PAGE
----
Dear Lisa: We have two 9-month-old Yorkshire Terriers. They are wonderful, energetic little bundles of fun but the little female will look for and consume their feces. I pick up their stools around the yard but inadvertently I miss some. Is there any supplement I can give her in her food that will prevent this? Or what would you suggest? It's a yucky habit and it can't be good for her! Please help. --Pooped Out in Peoria
The habit of eating feces -- on purpose and not by accident -- is called coprophagia. This abnormal ingestive behavior is gross only because your puppy does it in front of you. In fact, this behavior is quite common in puppies, isn't harmful and is usually outgrown. However, it's better if you become proactive and not risk that she won't out grow it, by intervening while she is still an impressionable puppy.
First of all, consult your veterinarian to see if there is any medical reason why your puppy engages in stool eating. Experts agree there is no known single cause for it and eliminating a medical condition will let you move on to looking at the behavioral aspects of it.
Possible Behavioral Factors
Most coprophagic pups do it as a learned behavior. Sometimes pups begin it as a form of "copy behavior" from their mother in the whelping box. Lactating mothers lick and clean up after small puppies to remove the smell that attracts predators in the wild.
Attention-seeking behavior may also be a cause for your pup's snacking. If, for example, you are away for long hours and the pup feels the need for additional attention, she may grab a tidbit knowing you will scold her for doing so. Don't fall prey to reinforcing this negative behavior each time she tries to grab a snack. Even negative attention is better than no attention at all.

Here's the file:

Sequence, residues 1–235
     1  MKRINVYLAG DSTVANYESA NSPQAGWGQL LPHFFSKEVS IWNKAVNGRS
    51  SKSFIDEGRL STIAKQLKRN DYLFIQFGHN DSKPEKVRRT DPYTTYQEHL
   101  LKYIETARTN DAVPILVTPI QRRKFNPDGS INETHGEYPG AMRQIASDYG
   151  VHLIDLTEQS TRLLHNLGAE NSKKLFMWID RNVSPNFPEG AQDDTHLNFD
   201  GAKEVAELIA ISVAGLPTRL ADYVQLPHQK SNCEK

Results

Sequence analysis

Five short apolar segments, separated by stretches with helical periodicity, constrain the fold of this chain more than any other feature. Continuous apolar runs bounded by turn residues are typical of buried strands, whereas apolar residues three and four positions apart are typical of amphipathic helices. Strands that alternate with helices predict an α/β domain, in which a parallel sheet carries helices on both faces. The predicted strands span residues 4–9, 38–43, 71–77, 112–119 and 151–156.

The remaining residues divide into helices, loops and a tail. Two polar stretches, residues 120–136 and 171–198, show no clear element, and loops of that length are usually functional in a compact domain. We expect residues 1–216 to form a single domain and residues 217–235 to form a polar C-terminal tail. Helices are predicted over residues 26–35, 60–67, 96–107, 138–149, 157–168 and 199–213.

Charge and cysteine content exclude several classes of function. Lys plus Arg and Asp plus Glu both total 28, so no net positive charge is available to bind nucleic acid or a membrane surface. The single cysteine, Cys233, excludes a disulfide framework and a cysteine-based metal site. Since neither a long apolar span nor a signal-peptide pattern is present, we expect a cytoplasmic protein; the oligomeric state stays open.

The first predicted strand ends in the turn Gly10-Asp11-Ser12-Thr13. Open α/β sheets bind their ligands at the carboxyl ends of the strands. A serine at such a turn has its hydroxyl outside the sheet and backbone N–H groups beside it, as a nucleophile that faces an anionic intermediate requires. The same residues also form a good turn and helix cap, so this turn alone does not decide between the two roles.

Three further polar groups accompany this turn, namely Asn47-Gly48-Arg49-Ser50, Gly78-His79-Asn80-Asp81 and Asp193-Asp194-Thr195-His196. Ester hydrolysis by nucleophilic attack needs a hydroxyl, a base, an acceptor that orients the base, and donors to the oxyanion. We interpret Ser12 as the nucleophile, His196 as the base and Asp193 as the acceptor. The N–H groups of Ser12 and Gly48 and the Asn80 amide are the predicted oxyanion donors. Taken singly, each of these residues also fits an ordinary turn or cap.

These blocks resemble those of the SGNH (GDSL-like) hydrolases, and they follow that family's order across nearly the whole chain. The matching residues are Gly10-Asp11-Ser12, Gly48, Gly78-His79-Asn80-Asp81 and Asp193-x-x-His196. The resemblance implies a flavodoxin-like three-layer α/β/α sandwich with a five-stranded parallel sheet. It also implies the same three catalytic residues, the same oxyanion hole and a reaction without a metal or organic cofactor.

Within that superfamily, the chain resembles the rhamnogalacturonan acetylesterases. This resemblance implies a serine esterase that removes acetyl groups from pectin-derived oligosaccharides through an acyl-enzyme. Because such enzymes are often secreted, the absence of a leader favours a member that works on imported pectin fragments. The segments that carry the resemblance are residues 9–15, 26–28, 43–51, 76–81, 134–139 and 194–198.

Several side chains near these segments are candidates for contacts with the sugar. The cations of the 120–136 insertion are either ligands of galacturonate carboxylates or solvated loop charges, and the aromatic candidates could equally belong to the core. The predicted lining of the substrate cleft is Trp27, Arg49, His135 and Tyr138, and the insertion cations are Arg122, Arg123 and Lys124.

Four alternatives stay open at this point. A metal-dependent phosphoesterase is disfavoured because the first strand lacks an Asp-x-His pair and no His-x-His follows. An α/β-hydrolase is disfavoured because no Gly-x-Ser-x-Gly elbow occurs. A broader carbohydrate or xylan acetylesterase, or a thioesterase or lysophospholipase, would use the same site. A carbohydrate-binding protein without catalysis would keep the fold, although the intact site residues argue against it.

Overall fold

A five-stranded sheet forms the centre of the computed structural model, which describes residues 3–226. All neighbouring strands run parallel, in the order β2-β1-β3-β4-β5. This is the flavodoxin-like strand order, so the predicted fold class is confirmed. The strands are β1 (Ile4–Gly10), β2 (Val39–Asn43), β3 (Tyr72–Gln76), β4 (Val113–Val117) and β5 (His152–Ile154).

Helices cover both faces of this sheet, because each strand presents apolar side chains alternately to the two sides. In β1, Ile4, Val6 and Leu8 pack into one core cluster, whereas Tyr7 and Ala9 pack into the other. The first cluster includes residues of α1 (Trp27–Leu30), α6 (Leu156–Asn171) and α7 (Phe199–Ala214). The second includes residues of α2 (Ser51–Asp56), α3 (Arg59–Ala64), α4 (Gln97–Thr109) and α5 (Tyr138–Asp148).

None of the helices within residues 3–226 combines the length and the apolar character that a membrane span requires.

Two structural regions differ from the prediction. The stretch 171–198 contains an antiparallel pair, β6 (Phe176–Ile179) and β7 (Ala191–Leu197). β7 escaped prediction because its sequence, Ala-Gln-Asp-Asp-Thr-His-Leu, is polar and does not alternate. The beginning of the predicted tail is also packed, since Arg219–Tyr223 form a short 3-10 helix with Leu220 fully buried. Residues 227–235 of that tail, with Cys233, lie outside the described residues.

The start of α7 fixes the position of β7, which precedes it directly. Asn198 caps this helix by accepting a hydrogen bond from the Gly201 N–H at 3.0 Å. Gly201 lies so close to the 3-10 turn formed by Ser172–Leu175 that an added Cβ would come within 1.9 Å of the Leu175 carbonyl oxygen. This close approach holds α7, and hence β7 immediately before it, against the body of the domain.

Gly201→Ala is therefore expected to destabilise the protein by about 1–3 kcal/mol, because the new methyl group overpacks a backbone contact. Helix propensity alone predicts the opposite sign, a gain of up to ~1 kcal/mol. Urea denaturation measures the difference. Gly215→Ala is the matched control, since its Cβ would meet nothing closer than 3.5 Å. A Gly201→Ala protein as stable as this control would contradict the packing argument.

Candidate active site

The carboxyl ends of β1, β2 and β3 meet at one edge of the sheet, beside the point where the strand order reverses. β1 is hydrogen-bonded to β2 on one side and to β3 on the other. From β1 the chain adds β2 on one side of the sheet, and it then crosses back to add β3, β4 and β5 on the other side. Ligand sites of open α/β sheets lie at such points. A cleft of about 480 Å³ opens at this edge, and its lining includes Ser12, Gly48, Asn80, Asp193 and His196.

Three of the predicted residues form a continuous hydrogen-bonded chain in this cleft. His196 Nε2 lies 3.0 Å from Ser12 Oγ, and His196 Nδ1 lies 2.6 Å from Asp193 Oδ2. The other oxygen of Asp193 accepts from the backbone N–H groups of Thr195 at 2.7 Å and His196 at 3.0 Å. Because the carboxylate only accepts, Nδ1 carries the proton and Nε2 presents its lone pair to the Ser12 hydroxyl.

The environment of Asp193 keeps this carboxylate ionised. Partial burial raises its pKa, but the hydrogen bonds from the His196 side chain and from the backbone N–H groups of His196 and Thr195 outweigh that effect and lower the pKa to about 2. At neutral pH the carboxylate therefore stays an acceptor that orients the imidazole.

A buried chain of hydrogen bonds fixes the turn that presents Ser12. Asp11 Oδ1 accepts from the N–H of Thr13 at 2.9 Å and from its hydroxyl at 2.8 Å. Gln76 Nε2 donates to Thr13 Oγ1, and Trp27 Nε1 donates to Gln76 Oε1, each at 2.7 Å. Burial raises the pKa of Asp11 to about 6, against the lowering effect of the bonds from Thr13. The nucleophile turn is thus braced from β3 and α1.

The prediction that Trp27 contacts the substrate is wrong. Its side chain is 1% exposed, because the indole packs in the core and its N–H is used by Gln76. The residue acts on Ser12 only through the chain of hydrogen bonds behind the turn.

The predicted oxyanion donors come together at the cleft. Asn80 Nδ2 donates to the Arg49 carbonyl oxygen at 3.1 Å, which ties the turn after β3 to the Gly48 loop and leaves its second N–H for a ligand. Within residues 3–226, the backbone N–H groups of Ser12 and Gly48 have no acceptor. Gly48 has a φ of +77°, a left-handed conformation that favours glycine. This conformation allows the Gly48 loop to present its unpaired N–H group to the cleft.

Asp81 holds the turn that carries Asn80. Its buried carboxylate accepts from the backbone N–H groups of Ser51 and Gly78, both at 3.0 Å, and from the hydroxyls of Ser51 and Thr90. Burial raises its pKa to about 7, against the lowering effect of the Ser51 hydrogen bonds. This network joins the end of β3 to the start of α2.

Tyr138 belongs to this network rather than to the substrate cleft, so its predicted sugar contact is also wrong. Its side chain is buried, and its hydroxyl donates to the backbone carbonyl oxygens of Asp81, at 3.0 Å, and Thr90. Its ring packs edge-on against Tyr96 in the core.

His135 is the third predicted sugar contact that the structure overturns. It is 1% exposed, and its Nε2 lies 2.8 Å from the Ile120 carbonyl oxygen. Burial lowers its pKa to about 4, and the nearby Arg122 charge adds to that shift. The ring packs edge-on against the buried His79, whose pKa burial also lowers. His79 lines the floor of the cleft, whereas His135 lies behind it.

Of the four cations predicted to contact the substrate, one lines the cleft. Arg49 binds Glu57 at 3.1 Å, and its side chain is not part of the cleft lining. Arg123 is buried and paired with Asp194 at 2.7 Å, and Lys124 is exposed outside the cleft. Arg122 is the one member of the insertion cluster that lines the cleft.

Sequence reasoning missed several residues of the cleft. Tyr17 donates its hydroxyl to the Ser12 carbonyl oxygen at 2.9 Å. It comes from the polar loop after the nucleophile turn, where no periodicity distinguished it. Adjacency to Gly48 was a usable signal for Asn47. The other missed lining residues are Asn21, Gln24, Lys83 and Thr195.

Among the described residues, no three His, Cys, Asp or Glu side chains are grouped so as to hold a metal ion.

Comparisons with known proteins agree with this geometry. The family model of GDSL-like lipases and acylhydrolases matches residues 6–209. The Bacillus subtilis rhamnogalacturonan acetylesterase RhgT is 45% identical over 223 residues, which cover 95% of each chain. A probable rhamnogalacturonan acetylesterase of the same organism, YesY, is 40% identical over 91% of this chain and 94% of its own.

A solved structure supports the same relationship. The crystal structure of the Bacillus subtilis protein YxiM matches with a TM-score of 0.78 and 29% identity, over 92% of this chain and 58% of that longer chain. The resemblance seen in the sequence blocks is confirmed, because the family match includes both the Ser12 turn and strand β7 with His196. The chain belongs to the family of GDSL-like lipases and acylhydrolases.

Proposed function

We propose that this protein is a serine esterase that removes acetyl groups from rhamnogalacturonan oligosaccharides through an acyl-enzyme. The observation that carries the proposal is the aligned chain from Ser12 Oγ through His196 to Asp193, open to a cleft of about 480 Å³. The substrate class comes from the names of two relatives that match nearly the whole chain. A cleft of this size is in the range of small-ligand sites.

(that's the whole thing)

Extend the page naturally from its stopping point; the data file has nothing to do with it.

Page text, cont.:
The only way to stop it is to teach her a new behavior. You may have seen products to cure this problem or heard of the old wives' tales of putting meat tenderizer or MSG on the dog's food to make the taste of the feces worse (worse than what?). Anyway, speaking as an experienced owner of a coprophagic bitch, I can say none of these remedies worked for her. They may for a time, but once dogs get used to the new taste, the old habit returns.
The best way to avoid consumption is to pick up feces immediately after your dogs' elimination. If you are diligent with this clean-up act for several weeks and start a new behavior model for the puppy to follow, the problem should correct itself. For example, have her poop on leash, pull her away from the object of her desire and reward immediately with an acceptable treat and then a little playtime. She will begin to associate elimination with a new behavior and hopefully, she won't resort to the old behavior when you return her to the off-leash, unsupervised privacy such matters dictate.
If you have a question, send it to Lisa at AskLisa@AKC.org and she may select it for a future column. Due to the high volume of questions she cannot offer individual responses.